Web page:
I post less on politics these days. Certainly not because I lack interest. Not because I’ve moved on from a state with fairly deep political sensibilities. Really, it’s more because I believe more in local politics. And since few of my readers are from my neighborhood, things that engage me might not mean much to them. So I write little about it.
When I first heard the “not Trump” meme, I was thinking No Trump from my favorite card game. I actually enjoyed the particular difficulties of playing hands without a trump suit–they have a challenge and a certain danger to them. There is great satisfaction in playing a long game: losing an extra trick early so that I can squeeze out something extra in the end. Reading the blogger’s advice at the hyperlink, I noticed this:
You must give something away first in order to achieve success later. Don’t immediately play all your high cards! It’s like an investment. Give up some of your losers at the beginning in order to “promote” your underlings in that suit. Then you can take control and reap the benefits afterward.
When I read about the various protests at a certain presidential candidate’s events, I wonder what it’s all about and why. If I were a Republican, and I felt strongly about the long-term viability of my party, maybe I would protest and speak out and blockade and stuff.
For the Not-Trump protesters who are non-party and not publicity plants of some sort, I have to ask: why bother? Are you a Republican? If not, why interfere in a game in which you have no skin? The man in question is not yet a final candidate for office. What is it to non-Republicans that he earns some measure of success among his supporters? I’d rather focus on the candidates (local and otherwise) that I prefer.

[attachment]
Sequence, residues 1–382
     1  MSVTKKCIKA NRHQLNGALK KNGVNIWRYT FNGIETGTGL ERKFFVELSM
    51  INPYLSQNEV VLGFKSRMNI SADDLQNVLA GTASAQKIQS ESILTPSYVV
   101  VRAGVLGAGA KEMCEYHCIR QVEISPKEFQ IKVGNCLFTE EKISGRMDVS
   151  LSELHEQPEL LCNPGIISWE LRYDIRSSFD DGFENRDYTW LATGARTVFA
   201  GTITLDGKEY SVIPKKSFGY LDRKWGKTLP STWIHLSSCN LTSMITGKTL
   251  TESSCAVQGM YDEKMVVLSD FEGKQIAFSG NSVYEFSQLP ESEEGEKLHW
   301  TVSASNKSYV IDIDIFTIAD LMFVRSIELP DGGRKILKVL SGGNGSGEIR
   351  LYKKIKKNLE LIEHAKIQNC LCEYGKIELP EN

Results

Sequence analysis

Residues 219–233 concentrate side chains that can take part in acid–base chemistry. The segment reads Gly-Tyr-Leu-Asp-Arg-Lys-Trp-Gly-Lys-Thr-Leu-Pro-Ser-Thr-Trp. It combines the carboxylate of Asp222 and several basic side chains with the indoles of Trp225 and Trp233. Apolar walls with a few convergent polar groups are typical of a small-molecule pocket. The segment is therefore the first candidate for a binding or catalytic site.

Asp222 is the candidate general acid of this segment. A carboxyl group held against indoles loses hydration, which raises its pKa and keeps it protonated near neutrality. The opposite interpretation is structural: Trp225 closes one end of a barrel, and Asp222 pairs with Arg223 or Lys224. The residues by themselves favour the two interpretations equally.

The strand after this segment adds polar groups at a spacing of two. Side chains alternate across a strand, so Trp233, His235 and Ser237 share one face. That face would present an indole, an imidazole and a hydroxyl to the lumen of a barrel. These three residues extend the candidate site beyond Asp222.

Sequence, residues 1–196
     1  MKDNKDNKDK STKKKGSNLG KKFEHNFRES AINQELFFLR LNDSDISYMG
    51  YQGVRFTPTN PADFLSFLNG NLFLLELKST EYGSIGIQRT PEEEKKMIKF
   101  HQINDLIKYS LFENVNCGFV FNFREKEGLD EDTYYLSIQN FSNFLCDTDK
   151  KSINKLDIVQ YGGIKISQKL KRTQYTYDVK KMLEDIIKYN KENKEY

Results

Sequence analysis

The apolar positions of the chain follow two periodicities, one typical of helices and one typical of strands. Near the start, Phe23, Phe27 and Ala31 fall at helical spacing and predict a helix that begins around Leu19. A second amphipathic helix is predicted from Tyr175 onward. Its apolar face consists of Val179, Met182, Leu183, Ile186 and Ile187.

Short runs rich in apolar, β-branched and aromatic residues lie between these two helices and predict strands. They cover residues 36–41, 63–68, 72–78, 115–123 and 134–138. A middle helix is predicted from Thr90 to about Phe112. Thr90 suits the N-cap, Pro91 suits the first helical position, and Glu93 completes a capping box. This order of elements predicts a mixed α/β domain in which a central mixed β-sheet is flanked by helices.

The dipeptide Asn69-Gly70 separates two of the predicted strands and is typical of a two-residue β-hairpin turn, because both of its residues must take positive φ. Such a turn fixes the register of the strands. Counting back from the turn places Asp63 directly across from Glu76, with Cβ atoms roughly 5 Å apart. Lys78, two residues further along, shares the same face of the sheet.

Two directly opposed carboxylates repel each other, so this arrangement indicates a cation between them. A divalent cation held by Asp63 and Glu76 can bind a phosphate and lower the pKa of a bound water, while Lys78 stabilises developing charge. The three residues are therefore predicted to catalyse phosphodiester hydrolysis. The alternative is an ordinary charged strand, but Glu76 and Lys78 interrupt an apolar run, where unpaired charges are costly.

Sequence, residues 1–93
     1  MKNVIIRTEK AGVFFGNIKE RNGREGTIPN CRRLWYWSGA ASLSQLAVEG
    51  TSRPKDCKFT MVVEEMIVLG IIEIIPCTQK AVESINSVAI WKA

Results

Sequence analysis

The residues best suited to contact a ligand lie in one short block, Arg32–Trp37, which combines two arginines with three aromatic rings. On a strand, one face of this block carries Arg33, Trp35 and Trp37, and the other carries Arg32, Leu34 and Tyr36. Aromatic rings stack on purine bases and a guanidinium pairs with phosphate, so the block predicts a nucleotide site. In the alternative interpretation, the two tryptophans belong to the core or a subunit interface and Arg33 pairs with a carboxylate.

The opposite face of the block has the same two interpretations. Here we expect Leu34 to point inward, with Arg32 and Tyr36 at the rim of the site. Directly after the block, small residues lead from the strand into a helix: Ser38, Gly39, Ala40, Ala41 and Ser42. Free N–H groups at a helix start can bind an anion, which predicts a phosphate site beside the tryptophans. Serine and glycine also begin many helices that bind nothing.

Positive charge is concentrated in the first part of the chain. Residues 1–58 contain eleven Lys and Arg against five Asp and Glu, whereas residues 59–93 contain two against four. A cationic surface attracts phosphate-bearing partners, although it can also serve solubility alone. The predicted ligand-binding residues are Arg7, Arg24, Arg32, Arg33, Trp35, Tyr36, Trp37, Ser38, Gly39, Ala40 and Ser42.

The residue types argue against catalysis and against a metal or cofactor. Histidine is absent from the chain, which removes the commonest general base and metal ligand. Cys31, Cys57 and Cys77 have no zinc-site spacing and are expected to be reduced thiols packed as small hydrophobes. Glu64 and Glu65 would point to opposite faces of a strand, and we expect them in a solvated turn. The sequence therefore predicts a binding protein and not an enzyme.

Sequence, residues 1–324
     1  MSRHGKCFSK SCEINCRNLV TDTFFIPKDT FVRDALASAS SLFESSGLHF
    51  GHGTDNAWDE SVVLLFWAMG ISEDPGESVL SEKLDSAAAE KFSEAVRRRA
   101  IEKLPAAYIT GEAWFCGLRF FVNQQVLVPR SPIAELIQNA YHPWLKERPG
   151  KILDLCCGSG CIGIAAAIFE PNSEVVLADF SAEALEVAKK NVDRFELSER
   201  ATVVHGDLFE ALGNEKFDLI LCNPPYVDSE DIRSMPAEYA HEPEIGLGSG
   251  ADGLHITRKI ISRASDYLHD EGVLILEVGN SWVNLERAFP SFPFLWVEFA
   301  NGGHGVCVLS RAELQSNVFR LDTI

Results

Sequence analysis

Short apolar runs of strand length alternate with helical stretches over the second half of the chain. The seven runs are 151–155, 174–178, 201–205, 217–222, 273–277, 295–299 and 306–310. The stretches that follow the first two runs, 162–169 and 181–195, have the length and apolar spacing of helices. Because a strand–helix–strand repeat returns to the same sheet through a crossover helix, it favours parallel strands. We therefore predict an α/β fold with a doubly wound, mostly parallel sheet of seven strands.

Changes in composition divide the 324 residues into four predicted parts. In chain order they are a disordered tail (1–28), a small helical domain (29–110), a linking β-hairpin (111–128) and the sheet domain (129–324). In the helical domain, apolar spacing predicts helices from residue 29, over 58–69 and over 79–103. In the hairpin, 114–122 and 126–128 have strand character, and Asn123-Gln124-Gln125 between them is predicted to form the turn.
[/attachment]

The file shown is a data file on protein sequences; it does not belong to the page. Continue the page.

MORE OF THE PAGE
If some criticize Donald Trump as a celebrity, who is to blame for that status? Many Americans seem to want the easy path: fame, recognition, fawning adulation handed on a platter of good luck. Mr Trump is not the first presidential political contender to have enjoyed a first career as a celebrity media star. Unless more people get involved at the local level and work their way up, he might not be the last. Cue this: think about getting started.
This might be one of the few times I feel impatient with protesters. To be sure, they have the right to protest. And if Mr Trump gains a likely nomination, it may shift to a responsibility to protest. But otherwise, I see this as another aspect of the Hermeneutic of Subtraction. Trying to make things better by excising things we dislike is no effective investment. If nature abhors a vacuum, then other similar stuff will just fill the empty space.
If people are angry and upset about disenfranchisement, the economy, corruption, immigration, jobs, or what-not, then why not augment protesting with things useful, constructive and positive? Get informed about local issues. Go to town meetings and forums and get involved on a committee. Join a union. Get involved at school or at work.
To me, it seems that effective involvement is like playing no trump at bridge. Sacrifices must be made in the beginning to ensure success later. There is also the matter of compromise and cooperation with the partner’s cards. Working with others, playing a long game: that seems appropriate for a healthy American way of life. Why don’t more see it that way today?